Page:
New Stuff Roundup: Yeruselem & Tribe of Pazuzu
“Sometimes moms and dads get a little, well, accustomed to each other. Dads especially. So they need to explore new ways to express their love.”
And sometimes little bears get awfully tired at the wee hours of the night, and remember they were supposed to put the pen on the paper, swear, and get to work. Sometimes said little bears also find out that the techy deathgrind album they were going to write about with all it’s proceedings being donated into mental health charity were also being made by mom-beating jerks and have to start all over again. As a world-renowned colleague once put it, oh bother.
Tribe of Pazuzu boasts a mighty line-up with Cryptopsy drummer Flo Mounier joined by Incantation guitarist John McEntee and lead by former Soulstorm vocalist/bassist Nick Sagias, whom apparently served in Pestilence for a few minutes as well, rounded out by second guitarist Randy Harris. The group announced their existence and debut EP Herectal Uprising for a February 8th date, only a few weeks ago but still seem to have generated surprisingly little fanfare considering the names involved.
What they have on offer is rather straightforward, modern sounding but old school heading death metal with a very slight blackened edge here and there. Those crowd chant parts add a bit of memorability into the mix, so I’m still rather hopeful for the EPs quality. Even if this title track is just good.
Back when Yeruselem was announced, as a collaboration between Blunt Ass Nord’s Vindsval and W. D. Feld I felt excited. You see, it had been previously announced that Memoria Vetusta would not be a trilogy like everyone had expected for one reason or another, and later that the next installment would not be a BaN album, and naturally I came to expect that Yeruselem would be the project under which name it would be released. Had I actually paid attention I would likely have been less so, since Feld has been BaN’s on-again-off-again keyboardist/drummer not only for the two first editions of Memoria Vetusta, but also for such records as MoRT, Deus Salutis Meæ and Odinist.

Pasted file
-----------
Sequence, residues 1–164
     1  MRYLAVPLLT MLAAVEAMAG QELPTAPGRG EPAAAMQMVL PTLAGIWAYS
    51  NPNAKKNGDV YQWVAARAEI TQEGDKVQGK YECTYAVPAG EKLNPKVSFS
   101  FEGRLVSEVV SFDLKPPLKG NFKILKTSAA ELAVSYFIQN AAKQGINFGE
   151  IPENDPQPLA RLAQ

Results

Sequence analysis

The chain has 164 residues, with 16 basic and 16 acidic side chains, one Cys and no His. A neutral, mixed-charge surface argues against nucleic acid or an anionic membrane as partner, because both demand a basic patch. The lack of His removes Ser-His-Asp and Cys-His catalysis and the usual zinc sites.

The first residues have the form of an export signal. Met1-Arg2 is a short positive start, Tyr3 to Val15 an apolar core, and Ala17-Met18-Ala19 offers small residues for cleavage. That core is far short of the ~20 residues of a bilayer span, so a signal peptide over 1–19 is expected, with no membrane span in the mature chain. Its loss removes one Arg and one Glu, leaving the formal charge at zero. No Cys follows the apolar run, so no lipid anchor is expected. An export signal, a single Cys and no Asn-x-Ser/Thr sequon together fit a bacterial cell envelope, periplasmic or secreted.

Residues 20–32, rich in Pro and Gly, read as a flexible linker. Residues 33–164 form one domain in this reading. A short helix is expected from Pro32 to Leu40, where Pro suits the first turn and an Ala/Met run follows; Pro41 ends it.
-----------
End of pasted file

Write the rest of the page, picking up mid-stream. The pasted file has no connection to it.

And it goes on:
On the other hand, the experience of those records, combined with the cited sources of inspiration on the promo letter – Godflesh, Pitchshifter, Killing Joke, Oranssi Pazuzu and especially goddern Coil, sounded very much up several of my alleys. Is it even possible to attempt anything genuinely influenced by all of the above, to rouse my interest and suspicion in a manner most ill-befitting, and still somehow not disappoint? Surely not.
“An ambitious project born of the last echoes of the surrealist album Cosmosophy (the third chapter of the famous 777 trilogy released by BaN between 2011 and 2012) and borrowing a great deal of influences in order to create a congruent melding of Industrial metal, cold new wave, electronica and post-punk.” A-ha, that sounds so much less endearing than what I had concocted up in my head. This take’s on you.
The problem is, BaN has covered such a vast arrangement of different styles and approaches it would take significant effort to deviate so much from their catering that the project would develop a distinct face of it’s own, and with the particular set of influences mentioned above it seems highly unlikely this will happen.
And to the surprise of exactly no one, Yeruselem sounds like it could have very well been a BaN album. The Sublime is perhaps bass-heavier than Deus Salutis Meæ, more intently industrial it’s mother project and includes more focused forays into the world of modern day electronica and psychedelic guitar leads, but all talk of culminating “in a new vocal and lyrical clarity which moves further towards communication than anything previously recorded by the pair” is hodgepodge. A world of sound and direction that may seem like a leap to the duo themselves, but hardly breaks any new ground.
None of this translates into bad music, though, and The Sublime should suffice for any soul yearning for the colder, harsher and more industrial side of BaN to hammer them.